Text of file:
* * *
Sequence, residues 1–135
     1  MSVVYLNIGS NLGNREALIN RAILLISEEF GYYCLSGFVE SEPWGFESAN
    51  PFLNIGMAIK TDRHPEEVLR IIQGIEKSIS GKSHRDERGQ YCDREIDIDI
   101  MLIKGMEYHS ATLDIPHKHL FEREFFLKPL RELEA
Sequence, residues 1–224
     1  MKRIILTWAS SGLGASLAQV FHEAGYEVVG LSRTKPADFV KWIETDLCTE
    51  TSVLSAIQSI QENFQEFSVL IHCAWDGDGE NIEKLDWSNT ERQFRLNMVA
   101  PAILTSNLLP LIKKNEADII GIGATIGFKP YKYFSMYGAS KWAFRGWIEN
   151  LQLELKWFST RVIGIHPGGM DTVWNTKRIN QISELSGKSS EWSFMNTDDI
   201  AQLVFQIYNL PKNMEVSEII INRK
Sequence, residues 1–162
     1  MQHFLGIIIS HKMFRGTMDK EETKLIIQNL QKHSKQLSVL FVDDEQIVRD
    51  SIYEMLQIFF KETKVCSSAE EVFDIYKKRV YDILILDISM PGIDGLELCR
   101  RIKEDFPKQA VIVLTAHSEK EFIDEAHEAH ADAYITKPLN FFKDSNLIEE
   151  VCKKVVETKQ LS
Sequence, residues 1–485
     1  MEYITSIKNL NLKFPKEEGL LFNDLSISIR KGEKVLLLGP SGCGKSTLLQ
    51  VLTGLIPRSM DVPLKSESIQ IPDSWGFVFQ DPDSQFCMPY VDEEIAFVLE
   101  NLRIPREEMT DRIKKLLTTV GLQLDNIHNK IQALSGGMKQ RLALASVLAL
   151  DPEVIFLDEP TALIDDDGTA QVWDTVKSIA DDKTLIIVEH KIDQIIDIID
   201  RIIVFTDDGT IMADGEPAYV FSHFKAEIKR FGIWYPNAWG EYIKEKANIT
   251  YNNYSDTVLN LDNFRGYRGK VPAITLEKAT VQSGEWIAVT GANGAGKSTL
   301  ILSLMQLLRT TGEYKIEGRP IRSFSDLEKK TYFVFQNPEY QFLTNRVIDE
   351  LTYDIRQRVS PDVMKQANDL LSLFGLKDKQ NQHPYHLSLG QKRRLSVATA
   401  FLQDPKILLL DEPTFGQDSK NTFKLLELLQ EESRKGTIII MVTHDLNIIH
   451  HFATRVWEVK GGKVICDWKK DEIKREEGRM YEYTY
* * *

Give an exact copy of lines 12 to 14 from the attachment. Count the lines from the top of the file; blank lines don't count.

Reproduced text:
     1  MQHFLGIIIS HKMFRGTMDK EETKLIIQNL QKHSKQLSVL FVDDEQIVRD
    51  SIYEMLQIFF KETKVCSSAE EVFDIYKKRV YDILILDISM PGIDGLELCR
   101  RIKEDFPKQA VIVLTAHSEK EFIDEAHEAH ADAYITKPLN FFKDSNLIEE